Discussing the first of the six prototypes named 'Curl', the elemental influence is recognisable with the roof that is created as a blazing bright curl or perhaps the famous curlicue pattern as observed in the fountain motifs all across the city. The sinuous roof features a distinct deco character with clean and simple curves and contrasting colours. Red surfaces paired with orange edges, mauve complimenting wooden architecture using pale violet and even parrot green matched with lemon yellow, the stands appear to be strategically nestled between the ocean and the dunes as a subtle semblance of a retro-futuristic culture.
While the Curl tower holds character similar to the painted relief motifs, another notable piece of architectural history is observed in the form of the 'Round' Lifeguard stand with its disc-shaped roof. Drawing inspiration from the tower that Lane designed in 1995 in collaboration with artist Kenny Scharf, the prototype is a rendition of Lane’s emblematic addition to the Miami Beach shoreline post-Hurricane Andrew. The design is simple, minimal and uncomplicated with its well-rounded circular structure. It is the closest to any usual lifeguard stand or tower in terms of design but is strikingly different owing to its colourful exterior.
The vision proposed by the architect for the functional shore towers extends even further with the 'Wave' and 'Cap' designs. While their individual names suggest resemblance to the beach waves and a cap, the near-identical curved roofs draw parallels to the iconic 'eyelashes' or curved window ledges of the numerous Art Deco buildings across the city. As observed in the soft grey ledges of the renowned Carlyle Hotel, which has been a luxurious sight in many Hollywood movies, and also the streamline-moderne pastel blue overhangs of the Colony Hotel, the roofs of the prototypes are designed to suit the peculiar ledges which are whimsically referred to as the "eyelashes of the window-eyes" due to their shape.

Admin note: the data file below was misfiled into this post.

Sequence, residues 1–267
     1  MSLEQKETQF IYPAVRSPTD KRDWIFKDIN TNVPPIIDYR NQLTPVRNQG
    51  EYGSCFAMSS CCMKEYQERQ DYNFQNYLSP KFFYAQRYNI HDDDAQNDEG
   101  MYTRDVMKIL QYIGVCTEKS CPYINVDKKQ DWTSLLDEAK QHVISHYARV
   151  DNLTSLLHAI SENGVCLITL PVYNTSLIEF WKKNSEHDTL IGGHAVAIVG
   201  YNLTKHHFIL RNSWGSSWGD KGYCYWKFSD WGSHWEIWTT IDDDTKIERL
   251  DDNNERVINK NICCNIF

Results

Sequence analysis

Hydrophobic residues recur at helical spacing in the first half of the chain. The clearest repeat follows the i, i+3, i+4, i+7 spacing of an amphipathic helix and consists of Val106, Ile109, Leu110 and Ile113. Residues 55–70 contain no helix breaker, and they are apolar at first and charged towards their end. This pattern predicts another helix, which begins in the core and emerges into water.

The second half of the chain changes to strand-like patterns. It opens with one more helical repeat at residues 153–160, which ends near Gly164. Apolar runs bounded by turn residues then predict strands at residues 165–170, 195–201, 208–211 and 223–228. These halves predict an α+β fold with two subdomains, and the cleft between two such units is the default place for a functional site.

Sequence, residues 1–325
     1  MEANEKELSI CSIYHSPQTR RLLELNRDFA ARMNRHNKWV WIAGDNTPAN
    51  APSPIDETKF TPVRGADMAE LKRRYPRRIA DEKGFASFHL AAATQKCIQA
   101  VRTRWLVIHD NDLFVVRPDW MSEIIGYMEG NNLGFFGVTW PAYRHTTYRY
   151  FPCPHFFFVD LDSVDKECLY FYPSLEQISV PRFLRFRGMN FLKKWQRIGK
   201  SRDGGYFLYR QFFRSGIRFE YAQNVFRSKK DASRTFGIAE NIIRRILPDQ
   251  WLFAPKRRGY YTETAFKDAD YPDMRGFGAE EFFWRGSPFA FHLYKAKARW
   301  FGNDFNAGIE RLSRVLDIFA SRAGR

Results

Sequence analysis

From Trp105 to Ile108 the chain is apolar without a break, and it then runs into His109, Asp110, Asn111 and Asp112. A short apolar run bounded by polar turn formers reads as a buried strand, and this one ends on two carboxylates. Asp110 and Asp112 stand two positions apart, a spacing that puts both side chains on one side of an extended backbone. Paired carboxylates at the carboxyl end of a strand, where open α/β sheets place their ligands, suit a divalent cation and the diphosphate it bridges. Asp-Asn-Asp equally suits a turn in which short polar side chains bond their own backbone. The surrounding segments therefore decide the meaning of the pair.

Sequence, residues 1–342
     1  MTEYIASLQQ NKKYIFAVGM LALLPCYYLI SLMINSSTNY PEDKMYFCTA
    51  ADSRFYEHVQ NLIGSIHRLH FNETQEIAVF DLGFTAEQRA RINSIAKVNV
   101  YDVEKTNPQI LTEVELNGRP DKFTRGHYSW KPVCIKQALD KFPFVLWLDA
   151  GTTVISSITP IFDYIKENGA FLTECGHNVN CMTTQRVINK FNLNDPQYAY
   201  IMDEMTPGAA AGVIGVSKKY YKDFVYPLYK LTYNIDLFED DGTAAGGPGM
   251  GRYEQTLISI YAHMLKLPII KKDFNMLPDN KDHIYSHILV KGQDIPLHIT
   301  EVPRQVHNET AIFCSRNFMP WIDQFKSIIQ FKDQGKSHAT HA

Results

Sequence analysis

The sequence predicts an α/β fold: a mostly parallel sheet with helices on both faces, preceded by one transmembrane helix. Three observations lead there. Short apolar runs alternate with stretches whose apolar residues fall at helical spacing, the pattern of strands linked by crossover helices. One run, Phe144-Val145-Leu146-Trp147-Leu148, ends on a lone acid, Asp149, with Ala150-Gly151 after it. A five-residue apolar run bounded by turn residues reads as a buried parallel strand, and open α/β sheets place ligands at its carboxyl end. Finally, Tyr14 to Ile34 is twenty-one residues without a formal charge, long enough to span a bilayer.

A change in the scenery occurs just as any beach lover comes across a pop of avant-garde art in the form of the 'Star' and the 'Crown' styles of Lane’s lifeguard towers. The striking, pop-coloured and near-comic towers elevate the ordinary image that is often associated with a lifeguard tower and serve an assortment of visual treats in the form of commercial architecture. The two prototypes in the discussion, comprising a dozen vivid variations, have roofs with a striking resemblance to the pop thought bubble. The design is symmetric, edgy, and unusually shaped and coloured, thus making these towers symbolic and photogenic.
Lane, the founder and principal of William Lane Architect located in Miami Beach, Florida, has been practising design for over three decades. The firm has previously been awarded an AIA Florida Merit Award of Excellence for the Miami Beach Lifeguard Towers while bagging multiple awards for other iconic projects. As a renowned designer and architect, Lane has always focused on instilling a creative narrative and form into the built environment while expressing the potential of the surreal in the city. His inferences are sharp and in sync with the cultural history while offering a contemporary take on traditional designs.
Name: William Lane’s Lifeguard towers
Location: Miami Beach, Florida, United States of America
Area: 260 square feet per stand
Year of completion: 2022
Architect: William Lane